I think my property taxes are too high. What can I do? by Aaron Zapata – Prudential

I think my Orange County property taxes are too high. What can I do?

If you think that the taxable value of your home is too high and that you are paying too much on your property taxes, there is a way to appeal your case to the Orange County Assessor Department.

The first step to take, if you believe that you have information that indicates your taxable value is too high, is to call the Assessor at (714) 834-2727 and talk with an appraiser. This is an informal assessment review available January 1 through April 30. If you are not satisfied with their response, you can take the next step.

The next step to take, after talking with an appraiser, is to file an Assessment Appeal with the Clerk of the Board at the Assessor’s Department. The filing period for a formal appeal is July 2 through September 15, 2010.

 An appeal can be filed in person, by mail, or online at the Clerk of the Board’s website: http://assessmentappeals.ocgov.com/cob.  Online filings must be printed, signed and mailed after completion. Assessment Appeal forms can also be obtained at most Local County Libraries.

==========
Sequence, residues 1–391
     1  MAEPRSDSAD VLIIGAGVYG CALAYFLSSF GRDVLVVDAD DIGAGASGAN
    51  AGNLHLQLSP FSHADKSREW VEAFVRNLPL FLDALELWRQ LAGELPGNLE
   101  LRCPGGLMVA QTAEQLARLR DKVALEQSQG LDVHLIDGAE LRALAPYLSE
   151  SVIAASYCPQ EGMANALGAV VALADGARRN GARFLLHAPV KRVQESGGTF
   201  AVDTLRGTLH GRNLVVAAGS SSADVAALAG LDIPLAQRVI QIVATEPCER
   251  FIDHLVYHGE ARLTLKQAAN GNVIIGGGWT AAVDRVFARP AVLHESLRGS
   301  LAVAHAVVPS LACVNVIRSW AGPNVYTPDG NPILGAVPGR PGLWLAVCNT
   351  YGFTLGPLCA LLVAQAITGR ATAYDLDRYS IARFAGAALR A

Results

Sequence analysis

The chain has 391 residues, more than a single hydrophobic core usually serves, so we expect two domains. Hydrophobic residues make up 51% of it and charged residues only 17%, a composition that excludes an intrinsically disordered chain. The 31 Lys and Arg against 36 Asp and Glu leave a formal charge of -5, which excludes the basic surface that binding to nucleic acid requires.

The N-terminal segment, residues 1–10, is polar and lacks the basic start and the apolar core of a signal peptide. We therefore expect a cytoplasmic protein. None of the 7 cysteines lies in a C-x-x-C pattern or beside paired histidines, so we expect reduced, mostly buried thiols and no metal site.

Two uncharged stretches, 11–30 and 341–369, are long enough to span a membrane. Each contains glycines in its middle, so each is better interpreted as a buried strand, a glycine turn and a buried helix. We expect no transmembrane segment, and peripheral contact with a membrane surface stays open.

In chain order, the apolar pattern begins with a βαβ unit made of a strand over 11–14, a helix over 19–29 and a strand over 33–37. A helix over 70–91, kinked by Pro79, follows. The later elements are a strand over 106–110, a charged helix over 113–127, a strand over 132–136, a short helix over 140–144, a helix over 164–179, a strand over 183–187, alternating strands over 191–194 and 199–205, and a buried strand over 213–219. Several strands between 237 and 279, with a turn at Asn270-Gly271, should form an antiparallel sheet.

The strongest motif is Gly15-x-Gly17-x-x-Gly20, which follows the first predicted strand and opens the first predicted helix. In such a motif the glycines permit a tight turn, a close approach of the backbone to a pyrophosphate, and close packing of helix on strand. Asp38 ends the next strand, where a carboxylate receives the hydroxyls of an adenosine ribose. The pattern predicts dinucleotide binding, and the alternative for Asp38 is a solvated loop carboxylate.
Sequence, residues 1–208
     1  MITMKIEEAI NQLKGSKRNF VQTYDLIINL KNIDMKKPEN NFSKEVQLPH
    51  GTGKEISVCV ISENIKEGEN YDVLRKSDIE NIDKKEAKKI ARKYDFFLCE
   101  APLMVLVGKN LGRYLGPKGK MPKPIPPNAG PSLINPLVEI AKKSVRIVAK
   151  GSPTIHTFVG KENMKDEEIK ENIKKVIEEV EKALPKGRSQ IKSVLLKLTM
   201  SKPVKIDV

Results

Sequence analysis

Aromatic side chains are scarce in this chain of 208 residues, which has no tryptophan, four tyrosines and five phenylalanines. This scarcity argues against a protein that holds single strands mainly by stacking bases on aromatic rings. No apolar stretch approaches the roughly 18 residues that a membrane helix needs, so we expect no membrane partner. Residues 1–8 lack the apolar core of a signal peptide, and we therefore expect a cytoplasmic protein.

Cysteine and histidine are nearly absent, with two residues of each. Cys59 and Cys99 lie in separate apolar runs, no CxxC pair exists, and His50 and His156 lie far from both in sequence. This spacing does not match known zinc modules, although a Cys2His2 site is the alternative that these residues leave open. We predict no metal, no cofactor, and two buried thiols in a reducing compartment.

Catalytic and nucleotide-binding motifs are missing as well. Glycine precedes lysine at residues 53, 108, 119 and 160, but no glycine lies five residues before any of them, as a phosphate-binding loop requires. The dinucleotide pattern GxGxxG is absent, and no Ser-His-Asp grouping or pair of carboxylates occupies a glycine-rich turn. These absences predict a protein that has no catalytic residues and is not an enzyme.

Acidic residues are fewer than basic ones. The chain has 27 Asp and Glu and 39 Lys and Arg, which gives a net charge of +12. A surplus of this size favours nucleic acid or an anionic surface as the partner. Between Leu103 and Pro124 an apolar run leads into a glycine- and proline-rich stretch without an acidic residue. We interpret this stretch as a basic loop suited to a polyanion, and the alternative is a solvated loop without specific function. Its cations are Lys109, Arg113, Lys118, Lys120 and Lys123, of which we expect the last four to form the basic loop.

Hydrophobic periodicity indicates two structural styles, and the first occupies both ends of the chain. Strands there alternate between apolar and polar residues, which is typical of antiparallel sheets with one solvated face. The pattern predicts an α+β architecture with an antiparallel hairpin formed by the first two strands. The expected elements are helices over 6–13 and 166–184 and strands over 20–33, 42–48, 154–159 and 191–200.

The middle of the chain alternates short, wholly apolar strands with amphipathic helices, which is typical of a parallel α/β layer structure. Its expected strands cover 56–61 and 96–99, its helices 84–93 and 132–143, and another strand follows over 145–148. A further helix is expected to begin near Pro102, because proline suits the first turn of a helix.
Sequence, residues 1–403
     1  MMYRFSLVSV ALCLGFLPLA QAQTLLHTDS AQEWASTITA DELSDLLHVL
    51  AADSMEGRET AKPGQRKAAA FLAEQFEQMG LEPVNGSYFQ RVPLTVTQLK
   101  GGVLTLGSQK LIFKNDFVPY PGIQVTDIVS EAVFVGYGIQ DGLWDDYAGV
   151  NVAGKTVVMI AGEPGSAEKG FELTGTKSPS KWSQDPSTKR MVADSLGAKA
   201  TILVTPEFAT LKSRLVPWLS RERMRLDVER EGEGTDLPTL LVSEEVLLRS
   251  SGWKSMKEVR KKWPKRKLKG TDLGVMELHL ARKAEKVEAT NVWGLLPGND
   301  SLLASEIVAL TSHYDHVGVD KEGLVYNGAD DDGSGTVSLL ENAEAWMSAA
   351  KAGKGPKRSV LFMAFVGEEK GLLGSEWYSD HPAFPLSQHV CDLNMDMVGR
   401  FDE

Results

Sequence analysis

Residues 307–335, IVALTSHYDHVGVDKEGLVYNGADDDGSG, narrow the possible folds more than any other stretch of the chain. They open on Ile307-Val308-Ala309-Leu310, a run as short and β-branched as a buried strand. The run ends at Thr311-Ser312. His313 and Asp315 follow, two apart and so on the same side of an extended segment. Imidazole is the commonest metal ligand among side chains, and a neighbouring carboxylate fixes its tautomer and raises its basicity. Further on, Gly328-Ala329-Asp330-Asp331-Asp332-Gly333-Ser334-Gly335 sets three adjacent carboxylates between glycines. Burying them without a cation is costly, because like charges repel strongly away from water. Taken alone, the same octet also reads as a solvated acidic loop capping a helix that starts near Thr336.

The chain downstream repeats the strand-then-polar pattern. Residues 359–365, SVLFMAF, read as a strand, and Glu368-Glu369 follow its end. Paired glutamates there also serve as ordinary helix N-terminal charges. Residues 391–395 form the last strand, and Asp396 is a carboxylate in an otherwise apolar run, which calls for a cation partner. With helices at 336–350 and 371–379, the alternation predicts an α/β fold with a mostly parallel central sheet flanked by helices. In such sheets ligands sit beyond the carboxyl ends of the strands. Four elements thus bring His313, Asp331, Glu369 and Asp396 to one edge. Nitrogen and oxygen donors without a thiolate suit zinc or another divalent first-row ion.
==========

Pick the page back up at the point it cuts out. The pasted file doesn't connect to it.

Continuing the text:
The Clerk of the Board suggests that you contact your local Realtor to provide you with at least three comparable sales as close to your property as possible that closed on or near January 1 of the year you are appealing.

Once the Assessor has received your appeal and has verified that there are no discrepancies, they have up to two years to hear your appeal.  However, most cases are heard within 5-6 months. 

An appeal hearing will be scheduled. You must then go before an Assessment Appeals Board or Hearing Officer where a decision will be made. If you do not attend the hearing, your case will be dismissed.

There are no charges for the appeal process, and you do not need to hire an attorney to represent you at the hearing. 

Finally, you must pay your property taxes during appeals process.  If your property taxes are reduced, you will be refunded the amount of overpayment plus interest.

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